January 31, 2011

Local races shape up

Union Leader Correspondents
DERRY/LONDONDERRY -- All Derry council and school board incumbents will face challengers in their March bids for re-election, while in Londonderry very few incumbents have signed up to run again.
Derry Town Council Chair Brad Benson will ask voters to support him with a second term as councilor at-large, but he will be up against three challengers.
Doug Newell, who has twice run for town council but never been elected, is also seeking the councilor at-large seat.
Newell has served on two charter commissions, is a member of the Derry school district fiscal advisory board and is a founding member of the Alliance of Derry Taxpayers. He said he has started four successful businesses over the span of a 35-year business career.
“Business development is important and I know what goes on in the formation of a business,” Newell said. “I know how businessmen think and I know what might bring them to Derry and what might drive them away.”
Jeff Lawman, who recently ran for the school board, has also thrown his name in for councilor at-large. Lawman has spent 20 years in the quality assurance and reliability engineering industry.
“I have an entire career based on not discussing and philoso­
phizing about issues, but actually solving them,” he said. “If I don’t have an actual solution in mind, I don’t want to waste a bunch of people’s time talking about it.” 

Maria Lebel, wife of state Rep. James Webb of Derry, also filed her candidacy for councilor at-large. Lebel could not be reached for comment. 
Council Vice Chair Neil Wetherbee, who represents District 3, will also seek reelection in March. 
Shannon Coyle, wife of Councilor Kevin Coyle, will vie for the District 3 position. This would be the first public office for Coyle, who works as a police officer in Londonderry. 
“I’ve been watching the town council and its activities over the last six years and I just wanted to take my turn putting forth the effort to improve Derry,” said Coyle. 
“Not everything they’ve done is bad, but I think it’s time to do something a little different and I want to enter my opinion into the ranks of town and move it one step forward.” 
Kevin Coyle, who has one more year on the council, has filed his candidacy for a term on the school board. 
“I’ve been thinking about it for a long time, with one year left on the town council,” said Coyle. “I’m hoping to add a different voice to the school board. It’s been for a long time that the same people and their friends run and there’s never been some real competition. This year people will have a choice, which I think is good.” 
If elected to the school board, Kevin Coyle said he would fill out the remainder of his council term, with one year of overlap. 
Three others will also be running for two positions on the school board, including incumbent Wendy Smith. Current school board member Mark Grabowski decided not to seek reelection. 
Daniel McKenna, who has served on the school district’s fiscal advisory board for 5 years, will make his first run for a position on the school board in March. McKenna has twice served as a state representative and is a full-time law student. 
“I think the school board has done a good job over the past few years, but I think the next couple years will be challenging and important for the schools,” McKenna said. “I want to bring a new perspective and some new blood to the board.”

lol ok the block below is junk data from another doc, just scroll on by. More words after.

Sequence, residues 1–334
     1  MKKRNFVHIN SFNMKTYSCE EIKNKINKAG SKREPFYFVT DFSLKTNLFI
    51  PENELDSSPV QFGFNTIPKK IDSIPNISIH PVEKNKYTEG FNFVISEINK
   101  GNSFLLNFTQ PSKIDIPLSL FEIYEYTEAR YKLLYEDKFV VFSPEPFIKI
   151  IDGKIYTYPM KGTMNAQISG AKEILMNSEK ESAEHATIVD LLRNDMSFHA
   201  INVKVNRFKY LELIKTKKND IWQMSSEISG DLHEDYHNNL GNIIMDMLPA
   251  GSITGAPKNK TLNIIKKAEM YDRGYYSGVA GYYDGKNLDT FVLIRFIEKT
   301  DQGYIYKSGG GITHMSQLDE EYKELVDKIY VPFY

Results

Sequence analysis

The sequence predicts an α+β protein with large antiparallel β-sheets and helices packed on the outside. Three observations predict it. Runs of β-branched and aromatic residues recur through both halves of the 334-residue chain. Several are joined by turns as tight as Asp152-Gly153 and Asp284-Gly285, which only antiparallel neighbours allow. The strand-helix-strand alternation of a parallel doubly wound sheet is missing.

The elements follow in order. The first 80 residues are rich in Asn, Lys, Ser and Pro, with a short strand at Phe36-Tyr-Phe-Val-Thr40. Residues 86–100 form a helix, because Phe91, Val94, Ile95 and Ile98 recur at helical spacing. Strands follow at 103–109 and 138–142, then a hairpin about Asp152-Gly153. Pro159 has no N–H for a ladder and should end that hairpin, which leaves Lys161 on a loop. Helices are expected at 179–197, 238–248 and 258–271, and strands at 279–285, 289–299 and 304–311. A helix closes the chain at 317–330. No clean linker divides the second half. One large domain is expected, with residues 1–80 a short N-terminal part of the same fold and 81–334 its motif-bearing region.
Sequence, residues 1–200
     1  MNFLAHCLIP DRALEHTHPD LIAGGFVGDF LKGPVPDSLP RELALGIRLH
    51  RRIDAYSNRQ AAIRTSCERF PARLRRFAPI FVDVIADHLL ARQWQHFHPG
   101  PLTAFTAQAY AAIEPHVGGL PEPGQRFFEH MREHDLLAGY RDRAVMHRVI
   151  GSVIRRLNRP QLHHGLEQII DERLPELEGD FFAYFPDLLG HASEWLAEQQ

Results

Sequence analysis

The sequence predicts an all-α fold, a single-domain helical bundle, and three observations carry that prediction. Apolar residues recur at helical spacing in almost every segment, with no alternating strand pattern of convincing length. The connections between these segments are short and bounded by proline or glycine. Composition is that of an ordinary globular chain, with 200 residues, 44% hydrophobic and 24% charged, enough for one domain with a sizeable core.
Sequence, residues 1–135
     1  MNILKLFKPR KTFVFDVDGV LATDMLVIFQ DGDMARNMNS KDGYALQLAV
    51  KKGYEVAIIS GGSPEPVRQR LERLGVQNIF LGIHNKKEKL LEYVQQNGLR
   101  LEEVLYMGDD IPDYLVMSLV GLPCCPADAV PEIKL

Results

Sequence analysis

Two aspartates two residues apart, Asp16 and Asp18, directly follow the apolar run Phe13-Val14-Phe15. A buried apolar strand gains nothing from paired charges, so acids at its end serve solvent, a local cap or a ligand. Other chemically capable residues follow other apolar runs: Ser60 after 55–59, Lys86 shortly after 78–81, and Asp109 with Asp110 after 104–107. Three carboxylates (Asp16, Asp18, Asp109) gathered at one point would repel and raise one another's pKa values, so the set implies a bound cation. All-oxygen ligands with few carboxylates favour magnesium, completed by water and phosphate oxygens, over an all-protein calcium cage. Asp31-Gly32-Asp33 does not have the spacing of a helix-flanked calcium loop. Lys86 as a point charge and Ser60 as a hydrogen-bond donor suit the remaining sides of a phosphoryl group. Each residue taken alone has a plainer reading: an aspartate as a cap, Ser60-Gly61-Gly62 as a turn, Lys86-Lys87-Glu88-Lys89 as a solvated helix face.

Katherine Prudhomme-O’Brien is also seeking her first term on the school board. 
As a homeschool parent, Prudhomme-O’Brien said she would bring a unique perspective to the board. Prudhomme- O’Brien taught her eldest daughter at home until high school and currently homeschools her 9-year-old daughter. 
“I have a right to have a say because not only am I a taxpayer, but as a homeschooler, I have an interesting perspective on what it means to educate children,” she said. “I think creatively because I’ve educated my daughters on 40 or 50 dollars every year.” 
In Londonderry 
The town’s filing period for both town and school positions began Jan. 19 and ended at 5 p.m. on Jan. 28. 
The terms of School Board members John Robinson and George Herrmann are expiring this March. 
Incumbent Robinson filed for re-election shortly after the filing period opened, School Board Clerk Lynn MacDonald confirmed, though Herrmann previously said he wished to take some time off from politics. 
Residents Glenn Douglas, Nancy Hendricks and Todd Joncas all announced their candidacy for school board over the past week. 
This year’s town openings include two three-year terms on the Town Council, two three-year terms on the Budget Committee, two three-year terms on the trustees of the Leach Library, and one threeyear term on the trustees of the trust funds. 
The terms of town councilors Paul DiMarco and Mike Brown expire this March, along with the terms of Budget Committee members Don Jorgensen, Dan Lekas and Mark Oswald. 
Neither DiMarco nor Brown is seeking another council term. DiMarco served a single town council term and previously was on the Planning Board, while Brown previously served on the Budget Committee, the zoning board and had been a town councilor for the past two terms. 
Three residents, Deborah Shimkonis Nowicki, Tom Freda and Joe Green, will vie for the two open council seats. 
On the Budget Committee, just one of the three incumbents, Dan Lekas, is seeking re-election. Residents Chris Melcher and Tom Dalton have also filed for Budget Committee. 
Seeking to fill two library trustee positions are John Velliquette, William Bringhurst and Karen Goodman. 
John Velliquette and Donald Moskowitz will vie for the sole opening on the trustees of the trust funds. 

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